“The criminal has escaped into the Bhita slum! Jyoti Kumar Sinha, a police constable in his mid-twenties, was careful as he ran down the filthy street searching the winding, unlit alleys in Patna’s bitter winter. He peered into one of the shanties on the way. A family of eight was curled up sleeping around something he couldn’t see clearly – possibly something alive. The youngest children were clutching a creature.
The policeman stepped in a little further. It couldn’t be! As their only source of warmth, the family was snuggling to a large, sleeping pig.
“This image haunted me for more than two decades,” says Mr. Sinha.
”I knew that for these people, there could be only one way out of this predicament. Education had to be the first step.”
The people of Bhita are still known as the Musahars, or the rat-eaters. In the frequent times of distress, the Musahars had been reduced to consuming rodents. Living so close to starvation gave them little time and energy to even think about education.
After he retired in 2005, Mr. Sinha decided he would educate the children of the community come what may. He knew that sporadic acts of charity would not serve as a long-term solution.
He picked the brightest and most motivated children of the entire slum. After much searching, he finally found a charitable boarding school they could attend. It was sub-par, but it was the only option to begin with.
At first, this system worked for Mr. Sinha and the children. He would send them to the boarding school, enrolling one or two more every year. They would attend the school year-round. Mr. Sinha provided everything they needed: uniforms, pyjamas, toothbrushes, and soap. This was not welcomed all the way round. There was unrest among the parents of the other children attending the school. These parents didn’t want their children to be associated with people of such low caste as the people of Bhita.
As the number of Mr. Sinha’s students grew, so did the displeasure of the parents. The parents complained to the school’s administration, threatening to withdraw all their children and give the school a bad name. It soon reached a point where the administration had to request Mr. Sinha to withdraw the children from the school.
Mr. Sinha was devastated. But he didn’t let his disappointment get in the way of his determination and responsibility to these people. After tireless searching, he found the organization a space of its own. Now, it was officially a school! The capacity grew exponentially. Soon, the Young India Fellows and Teach for India heard of the Shoshit Samadhan Kendra. Volunteers came frequently, teaching theatre and the arts. Experienced teachers left their jobs to join Mr. Sinha’s effort.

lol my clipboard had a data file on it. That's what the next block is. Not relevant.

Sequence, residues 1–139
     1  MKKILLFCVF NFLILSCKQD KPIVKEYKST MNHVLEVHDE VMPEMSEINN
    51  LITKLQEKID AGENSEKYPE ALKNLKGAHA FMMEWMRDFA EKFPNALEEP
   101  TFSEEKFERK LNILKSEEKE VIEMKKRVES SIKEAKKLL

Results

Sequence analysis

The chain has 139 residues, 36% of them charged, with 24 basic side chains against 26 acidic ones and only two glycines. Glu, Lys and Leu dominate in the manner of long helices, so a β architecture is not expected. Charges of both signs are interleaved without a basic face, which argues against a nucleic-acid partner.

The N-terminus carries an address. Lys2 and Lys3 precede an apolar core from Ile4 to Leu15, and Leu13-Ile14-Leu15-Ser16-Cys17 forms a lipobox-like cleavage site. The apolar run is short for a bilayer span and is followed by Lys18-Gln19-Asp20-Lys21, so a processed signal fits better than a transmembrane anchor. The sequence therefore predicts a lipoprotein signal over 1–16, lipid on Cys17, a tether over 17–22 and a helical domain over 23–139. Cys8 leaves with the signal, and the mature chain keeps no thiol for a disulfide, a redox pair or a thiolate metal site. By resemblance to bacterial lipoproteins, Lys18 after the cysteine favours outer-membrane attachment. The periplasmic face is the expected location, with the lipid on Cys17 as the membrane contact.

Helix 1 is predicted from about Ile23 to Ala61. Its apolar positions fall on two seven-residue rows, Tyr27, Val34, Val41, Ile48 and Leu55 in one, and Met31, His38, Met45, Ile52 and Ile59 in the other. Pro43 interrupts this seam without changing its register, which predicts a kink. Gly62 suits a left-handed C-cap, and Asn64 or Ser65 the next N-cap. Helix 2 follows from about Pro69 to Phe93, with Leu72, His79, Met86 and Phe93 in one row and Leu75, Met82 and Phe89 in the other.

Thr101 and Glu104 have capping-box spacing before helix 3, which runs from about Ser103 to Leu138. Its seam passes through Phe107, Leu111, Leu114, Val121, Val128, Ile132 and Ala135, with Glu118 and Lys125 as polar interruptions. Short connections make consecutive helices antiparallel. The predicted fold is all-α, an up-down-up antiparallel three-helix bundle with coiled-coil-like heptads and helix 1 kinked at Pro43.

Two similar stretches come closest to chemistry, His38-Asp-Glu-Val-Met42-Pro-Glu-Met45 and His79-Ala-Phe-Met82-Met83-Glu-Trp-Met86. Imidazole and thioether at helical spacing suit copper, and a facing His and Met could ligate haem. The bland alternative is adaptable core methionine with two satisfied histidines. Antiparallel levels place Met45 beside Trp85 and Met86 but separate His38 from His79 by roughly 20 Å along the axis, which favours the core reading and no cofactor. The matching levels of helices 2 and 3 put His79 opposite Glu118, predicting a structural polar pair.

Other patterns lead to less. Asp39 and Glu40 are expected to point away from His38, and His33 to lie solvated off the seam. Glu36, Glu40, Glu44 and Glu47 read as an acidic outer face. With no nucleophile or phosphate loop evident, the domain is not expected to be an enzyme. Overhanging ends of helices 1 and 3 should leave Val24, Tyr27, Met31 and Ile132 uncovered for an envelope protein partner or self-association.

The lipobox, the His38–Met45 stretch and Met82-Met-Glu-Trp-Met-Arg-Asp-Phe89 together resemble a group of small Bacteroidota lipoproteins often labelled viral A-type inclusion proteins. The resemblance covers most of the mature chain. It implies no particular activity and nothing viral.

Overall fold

The current Principal, R. Khan, is a perfect example of the spirit of the organization. An article in The Mint summed up his experience well: “Once, during a visit to Bihar, Khan saw a Musahar boy and followed him. He was shocked to see their condition, more so because the place was just 8-10 km from Patna. The child had no clothes, no footwear, and he didn’t go to school.” After his son graduated high school, he took a break in his education and volunteered through the Young India Fellows at the school. He told his father about the school. Impressed with the organization, R. Khan immediately left his job of over a decade at a CBSE day school in Ujjain. It is under his initiative that the Shoshit Samadhan Kendra now has full CBSE certification.
When asked about the students, Mr. Khan stated, “Their enthusiasm creates a loving and caring environment.”
When I interviewed the teachers during my Diwali break of 2014, they agreed, and mentioned how eager the children are to learn. To quote Suraj, one of the graduates, “Whatever I was taught, I would try to remember. We had a good English teacher and I copied the way she spoke. I wanted to learn everything.”
The last year has been a momentous one for the school. Due to overcrowding and lack of facilities the school has moved out of its rented space. Mr. Sinha purchased a plot of land of more than 2.5 acres. A fully functional and expandable school building has been constructed, complete with fields, more classrooms, dormitories, and a courtyard. The current building has space for hundreds of more incoming students. At the inauguration ceremony, the 337 boys staged Shakespeare’s Julius Caesar for Mr. L K Advani and Shatrughan Sinha.
Of the first batch of graduates, three of the four students have gone on to university. Suraj currently attends the prestigious University of Central Bihar. Prem and Manoj go to Bihar National College. All three are set to graduate in 2018.
Mr. Sinha hopes that within the next few years, planning will commence for an equivalent girls’ school. He is working on installing a permanent self-reliant administration and he aims to keep the school true to its vision – “Service to mankind is the highest form of religion.” [Vivekanand]
It is one of his favourite quotes and he always tells me to live by it. As his granddaughter, I promise to.
The author studies in The Brearley School in New York City. She can be reached at firstname.lastname@example.org.